NKU no. 2 in state safety rankings

Brook Clifford, Staff writer
January 17, 2013
Filed under Kentucky News, National News, News

For two years running Northern Kentucky University has ranked second for lowest on-campus crime rates for public schools in Kentucky on stateuniversity.com. Two years ago, this website decided to get information from campuses all over the United States about crime on campus to provide information for potential students or parents of students who are looking at the university.

“The way we rank the schools is through a lot of statistical data,” Brad Folkens, stateuniversity.com engineer, said. “It’s important for students looking at schools and what makes schools successful. Separately we look at different statistics and factors and try to keep it as accurate as possible.”

The website ranks heavier crimes such as murder, aggravated assault and rape with more weight. NKU has two counts of crime, burglary and larceny-theft. Per 1,000 students that attend NKU, 0.64 percent reported that they experienced or witnessed burglary on campus and 8.65 percent have experienced larceny-theft.

“As time goes on, we hope to be able to have more data and expand,” Folkens said. “We rank the campuses through universal crime databases, some campuses even forward us their statistics. Not all universities are ranked because not all of them can be found in a database.”

NKU had the second lowest crime rating and was the only school in the top 10 lowest crime ratings that didn’t have more serious crime embedded in the ranking. Morehead State University, who had the lowest crime rating, had small counts of arson and forcible rape.

“I think what factors into NKU having the second lowest crime rating is geographically where the university is and its surroundings,” NKU’s Chief of Police Jason Willis said. “It’s a relatively safe area, [Highland Heights, Cold Springs] we’re fortunate in that respect.”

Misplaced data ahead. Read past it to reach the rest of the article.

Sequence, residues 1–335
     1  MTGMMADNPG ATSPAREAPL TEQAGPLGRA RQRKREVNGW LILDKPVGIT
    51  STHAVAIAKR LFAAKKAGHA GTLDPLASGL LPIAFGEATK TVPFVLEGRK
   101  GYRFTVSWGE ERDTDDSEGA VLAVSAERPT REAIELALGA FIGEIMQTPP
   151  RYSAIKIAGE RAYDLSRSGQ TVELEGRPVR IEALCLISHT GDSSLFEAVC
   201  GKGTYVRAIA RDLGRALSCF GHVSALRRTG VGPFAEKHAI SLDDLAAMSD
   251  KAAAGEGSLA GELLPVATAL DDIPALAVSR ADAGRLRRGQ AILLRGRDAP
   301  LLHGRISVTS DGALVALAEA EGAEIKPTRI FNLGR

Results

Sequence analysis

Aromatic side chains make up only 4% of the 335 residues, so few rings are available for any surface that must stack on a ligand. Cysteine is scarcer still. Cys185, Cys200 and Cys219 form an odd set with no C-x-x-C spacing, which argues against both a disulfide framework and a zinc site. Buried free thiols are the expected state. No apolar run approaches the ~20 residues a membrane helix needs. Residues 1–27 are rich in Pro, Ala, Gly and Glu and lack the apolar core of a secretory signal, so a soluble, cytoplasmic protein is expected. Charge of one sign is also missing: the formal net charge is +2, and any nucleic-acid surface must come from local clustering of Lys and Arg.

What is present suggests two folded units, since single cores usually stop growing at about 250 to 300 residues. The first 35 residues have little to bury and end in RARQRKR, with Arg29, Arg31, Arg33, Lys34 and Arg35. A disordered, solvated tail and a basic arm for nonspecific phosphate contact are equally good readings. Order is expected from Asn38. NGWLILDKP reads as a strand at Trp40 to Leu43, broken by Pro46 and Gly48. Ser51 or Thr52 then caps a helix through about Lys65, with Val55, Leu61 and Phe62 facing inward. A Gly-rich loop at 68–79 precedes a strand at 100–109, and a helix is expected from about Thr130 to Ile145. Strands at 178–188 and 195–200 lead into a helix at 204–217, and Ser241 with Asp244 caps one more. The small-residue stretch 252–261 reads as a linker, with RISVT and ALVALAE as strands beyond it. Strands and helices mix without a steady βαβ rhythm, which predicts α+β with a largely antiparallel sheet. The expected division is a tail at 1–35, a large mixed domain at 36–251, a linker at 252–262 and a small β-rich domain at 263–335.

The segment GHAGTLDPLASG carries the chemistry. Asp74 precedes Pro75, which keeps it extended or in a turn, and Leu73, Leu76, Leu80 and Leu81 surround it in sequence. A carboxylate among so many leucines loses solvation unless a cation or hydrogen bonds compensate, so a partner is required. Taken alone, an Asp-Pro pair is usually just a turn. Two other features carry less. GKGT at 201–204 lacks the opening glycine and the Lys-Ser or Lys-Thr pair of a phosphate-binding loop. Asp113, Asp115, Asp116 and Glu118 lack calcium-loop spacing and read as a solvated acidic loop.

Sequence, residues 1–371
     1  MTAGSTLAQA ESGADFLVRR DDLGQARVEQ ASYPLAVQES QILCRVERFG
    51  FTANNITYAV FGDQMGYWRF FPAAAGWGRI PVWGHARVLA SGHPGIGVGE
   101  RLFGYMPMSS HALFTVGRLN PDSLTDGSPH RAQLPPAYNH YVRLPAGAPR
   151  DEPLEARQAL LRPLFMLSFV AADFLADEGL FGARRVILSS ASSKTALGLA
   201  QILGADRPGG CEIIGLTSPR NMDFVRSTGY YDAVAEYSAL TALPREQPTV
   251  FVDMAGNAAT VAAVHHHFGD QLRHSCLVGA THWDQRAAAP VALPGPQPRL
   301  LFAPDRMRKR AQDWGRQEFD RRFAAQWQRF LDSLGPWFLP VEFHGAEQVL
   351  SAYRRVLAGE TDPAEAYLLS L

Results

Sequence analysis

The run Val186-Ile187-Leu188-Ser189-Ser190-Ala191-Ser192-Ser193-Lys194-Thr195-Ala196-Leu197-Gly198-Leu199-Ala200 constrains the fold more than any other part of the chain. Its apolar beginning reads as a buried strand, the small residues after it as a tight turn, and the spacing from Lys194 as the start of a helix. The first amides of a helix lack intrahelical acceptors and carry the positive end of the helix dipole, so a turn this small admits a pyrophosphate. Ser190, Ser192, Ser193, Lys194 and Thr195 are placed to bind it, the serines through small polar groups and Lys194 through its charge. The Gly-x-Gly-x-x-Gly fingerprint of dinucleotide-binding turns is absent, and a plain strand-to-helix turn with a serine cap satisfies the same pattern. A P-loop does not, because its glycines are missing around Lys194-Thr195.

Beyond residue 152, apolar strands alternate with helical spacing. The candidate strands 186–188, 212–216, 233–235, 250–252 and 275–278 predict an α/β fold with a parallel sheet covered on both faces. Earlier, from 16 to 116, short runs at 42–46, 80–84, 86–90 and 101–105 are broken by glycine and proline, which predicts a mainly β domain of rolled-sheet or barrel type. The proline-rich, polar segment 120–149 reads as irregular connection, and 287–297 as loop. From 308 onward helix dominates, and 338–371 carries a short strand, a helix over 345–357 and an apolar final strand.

NKU’s police department sends out crime report news and annual security reports. NKU also has a Norse Alert system that is in place to warn faculty, staff and students if a potentially dangerous situation was to arise. The police department has a place on their website where NKU’s community can report crimes as well. It also provides information regarding sex offenders who are on campus.

“I would like to think our police department does an excellent job educating our community on good, smart, safe decisions,” Willis said. “We’re very proactive.”

One of the biggest differences between NKU and other universities in the area, according to Willis, is that we have a community that’s here for the right reasons and that they are here to learn.

“I think it’s a combination of things that keeps serious crime away from NKU,” Jill Shelley, NKU criminal justice professor, said. “I would probably say the location of our campus is one of the main things but everything else plays an important part.”

As NKU’s residential population increases over the years, statistics say that so will the crime. The police department is hoping to stay on the front end of educating the community to make smart decisions.

“It has to do with our population, we have really good people here,” Willis said. “I think we’ll stay on the top of that list for being a safe community.”

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